In March 2020, the World Health Organization (WHO) declared COVID-19 a pandemic, pointing to the several cases of the coronavirus in over 110 countries and territories around the world and the sustained risk of further global spread of the virus. The declaration was necessitated by the spread of a disease, rather than the severity of the illness it causes. Several countries had at this time initiated lockdown procedures to prevent a further spread of the disease because as the total number of infections rose, so too did the number of cases that spread from person-to-person within communities around the world. Hospitals began to seek other avenues (mostly virtual) separate from in-person consultation, which would provide the much-needed healthcare as well as ensure the safety of all health workers and patients needing healthcare for non-critical ailments, by averting further contact with such high-risk patients.

Telemedicine and its application in Nigeria.

One of these avenues which was actively utilized is Telemedicine. Leveraging Telemedicine to combat the disease worldwide became crucial. The WHO has adopted the following as the definition of Telemedicine- "delivery of health care services, where distance is a critical factor, by all health care professionals using information and communication technologies for the exchange of valid information for diagnosis, treatment and prevention of disease and injuries, research and evaluation, and for the continuing education of health care providers, all in the interests of advancing the health of individuals and their communities".1

Telemedicine seeks to improve a patient's health by a permitting two-way, real time interactive communication between the patient, and the physician or medical practitioner at the distant site. It involves the use of telecommunication technologies to prevent and treat illness and promote the health of individuals and populations. The electronic communication means the use of interactive telecommunications equipment that includes, at a minimum, audio and video equipment. Also, at the heart of the application of Telemedicine in Nigeria is the type of personal data gathered while providing medical services via these electronic platforms. Such personal data may include but is not limited to names, phone numbers, home and email addresses, date of birth, sex, medical history, of the patient.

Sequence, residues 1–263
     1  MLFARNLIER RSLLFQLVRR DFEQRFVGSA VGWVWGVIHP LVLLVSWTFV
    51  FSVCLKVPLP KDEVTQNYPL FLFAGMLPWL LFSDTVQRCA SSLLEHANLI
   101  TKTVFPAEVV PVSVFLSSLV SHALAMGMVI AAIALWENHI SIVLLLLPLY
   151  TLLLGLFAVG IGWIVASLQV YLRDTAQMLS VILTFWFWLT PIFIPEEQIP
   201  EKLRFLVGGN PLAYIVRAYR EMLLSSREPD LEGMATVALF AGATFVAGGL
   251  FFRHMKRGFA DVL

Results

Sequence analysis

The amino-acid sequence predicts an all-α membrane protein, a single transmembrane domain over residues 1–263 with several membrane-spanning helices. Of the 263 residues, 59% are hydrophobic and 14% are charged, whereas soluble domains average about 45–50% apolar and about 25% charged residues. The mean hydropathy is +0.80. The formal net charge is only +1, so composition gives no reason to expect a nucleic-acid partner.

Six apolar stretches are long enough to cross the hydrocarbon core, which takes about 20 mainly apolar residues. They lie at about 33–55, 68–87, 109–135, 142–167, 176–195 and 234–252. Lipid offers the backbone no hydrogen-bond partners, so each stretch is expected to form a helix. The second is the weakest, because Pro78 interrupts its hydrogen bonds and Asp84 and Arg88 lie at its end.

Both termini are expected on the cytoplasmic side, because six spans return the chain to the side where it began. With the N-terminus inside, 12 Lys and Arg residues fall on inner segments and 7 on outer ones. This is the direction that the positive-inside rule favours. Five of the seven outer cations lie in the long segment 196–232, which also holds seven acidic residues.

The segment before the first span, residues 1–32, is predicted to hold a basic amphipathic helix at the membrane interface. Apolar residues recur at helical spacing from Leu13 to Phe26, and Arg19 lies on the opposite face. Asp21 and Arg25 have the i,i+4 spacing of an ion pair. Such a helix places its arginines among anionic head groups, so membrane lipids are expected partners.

NDPR and Data Protection Considerations

The National Information Technology Development Agency (NITDA) is statutorily mandated by the NITDA Act of 2007 to develop regulations for electronic governance and monitoring of the use of information technology and electronic data. Conscious of the concerns around privacy and protection of Personal Data and the grave consequences of leaving Personal Data processing unregulated, NITDA issued the Nigeria Data Protection Regulation (NDPR) in 2019. The objectives of the NDPR are as follows:

  • to safeguard the rights of natural persons to data privacy;
  • to foster safe conduct for transactions involving the exchange of Personal Data;
  • to prevent manipulation of Personal Data; and
  • to ensure that Nigerian businesses remain competitive in international trade through the safeguards afforded by a sound data protection regulation.

The NDPR applies to all processing and storage of Personal Data conducted in respect of Nigerian citizens and residents.

At the core of Data Protection are the privacy principles which include but are not limited to the following:

  • Data Security: where data controllers and processors are expected to implement security measures (including firewalls, data encryption technologies, etc.) to protect data from theft, cyber-attack, manipulations, environmental hazards, etc.
  • Lawful Processing: where at least, one of the following applies i.e. consent has been given, processing is necessary for the performance of a contract, compliance with a legal obligation, protection of the vital interests of the Data Subject or any public interests.
  • Data Integrity and Storage Limitation: where personal data is adequate, accurate and stored only for the period within which it is reasonably needed.

The success of Telemedicine could be undermined if privacy and security risks are not addressed. Considering the above, Data Controllers/Health Practitioners are required to take note of the following with respect to Telemedicine:

  1. One core issue is the matter of the rights and confidentiality of patients while using Telemedicine. There are no formal Telemedicine protocols and procedures yet in effect in Nigeria. Several patients and health-workers are unaware of the quality of practice and how confidentiality should be protected. For example, although the NDPR is generic to personal data in whatsoever sphere/sector in Nigeria, the specificity of privacy rules for medical data in other climes is lacking in Nigeria.